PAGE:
Response to “Uncreative Writing”

Appearances matter, regardless of where you art, what you’re doing, and whether it’s online or in the real world. We might not think of it, whether because we think it doesn’t matter or because we just have no idea how to do it, but the way our blog posts look can really affect your success as a blogger. Think about the different websites you frequent when you’re online shopping. I know personally, that I have certain companies I love to shop from, mainly because their website it just so user-friendly and overall awesome. Other websites deter me in that they are too confusing, or just not easy to navigate. Same goes for blogging and news articles. Too much text makes a reader not want to read the whole thing, while photos help to engage the reader and offer an alternative way of absorbing the information. These things are very important, and with our basic WordPress sites it can be a bit complicated to figure out. We are limited in what we can customize, including fonts, colors and just the overall appearance. So it’s important to fix and be creative with what we can. Use photos often, and make them pretty photos that are as high quality as possible. Change up the layout, use a header, categorize your posts and always keep your readers in mind. If you wouldn’t want to read it then why would anyone else?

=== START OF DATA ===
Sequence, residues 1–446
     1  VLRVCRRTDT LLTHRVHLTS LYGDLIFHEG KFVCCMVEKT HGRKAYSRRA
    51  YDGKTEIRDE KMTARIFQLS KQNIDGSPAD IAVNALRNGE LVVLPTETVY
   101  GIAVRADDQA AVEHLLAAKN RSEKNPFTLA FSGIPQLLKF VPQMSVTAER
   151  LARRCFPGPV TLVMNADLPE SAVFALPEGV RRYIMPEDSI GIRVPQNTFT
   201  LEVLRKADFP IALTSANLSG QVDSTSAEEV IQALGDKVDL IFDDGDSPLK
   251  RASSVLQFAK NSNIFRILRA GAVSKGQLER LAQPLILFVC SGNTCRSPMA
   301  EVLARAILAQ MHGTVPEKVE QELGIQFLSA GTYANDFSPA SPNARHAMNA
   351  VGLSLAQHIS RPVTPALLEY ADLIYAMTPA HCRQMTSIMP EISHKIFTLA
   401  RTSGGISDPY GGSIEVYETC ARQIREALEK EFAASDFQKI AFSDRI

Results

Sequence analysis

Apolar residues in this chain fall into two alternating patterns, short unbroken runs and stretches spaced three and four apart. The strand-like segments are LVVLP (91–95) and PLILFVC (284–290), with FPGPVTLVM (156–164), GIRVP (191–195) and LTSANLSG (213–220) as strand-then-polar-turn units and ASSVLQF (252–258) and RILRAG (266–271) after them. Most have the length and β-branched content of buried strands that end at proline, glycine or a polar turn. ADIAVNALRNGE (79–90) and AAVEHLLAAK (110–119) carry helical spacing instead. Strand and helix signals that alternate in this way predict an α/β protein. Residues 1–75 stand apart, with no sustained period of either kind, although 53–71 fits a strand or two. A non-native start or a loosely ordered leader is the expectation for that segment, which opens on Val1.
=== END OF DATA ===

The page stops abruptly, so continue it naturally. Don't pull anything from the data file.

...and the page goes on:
In terms of creative commons, this article brought up a very interesting point. Text is text, but magazines and newspapers aren’t just text. There are people whose job it is just to layout the page so that it looks appealing, and so that it isn’t just a page of boring black and white text. Context is also very important. A story accompanied by a photograph helps to better tell that story, but also helps to better explain that photo. But if you took either one away, the story or explanation would be lacking, and not the same as it was when coupled together. Those photos are also meticulously chosen so that they are showing exactly what they want to show. Rather than just any picture of a car, but the specific car the article is discussing With Creative Commons, the same truth can be argued for. Creative Commons limits users in what media they have access to. If you are looking for a very specific picture of an african american man, wearing a black top hat, smoking a cigarette while walking his dog in the middle of Times Square, chances are you won’t find that on Creative Commons. Creative Commons is more for the general use. So it would be used in places where the picture you need is broad and is just a visual element for the article or blog post, rather than the focal point of the post. The same is true with music and videos found on Creative Commons. You won’t be able to be very picky when you’re looking up media on Creative Commons because not everyone needs what you need, but regardless Creative Commons is there to help. And if there’s something you need that you can’t find on the site, then you’ll just have to put in the extra work and do it yourself. Also it’s important to keep in mind that what you’re taking from Creative Commons has a different context than the context you will be giving it.

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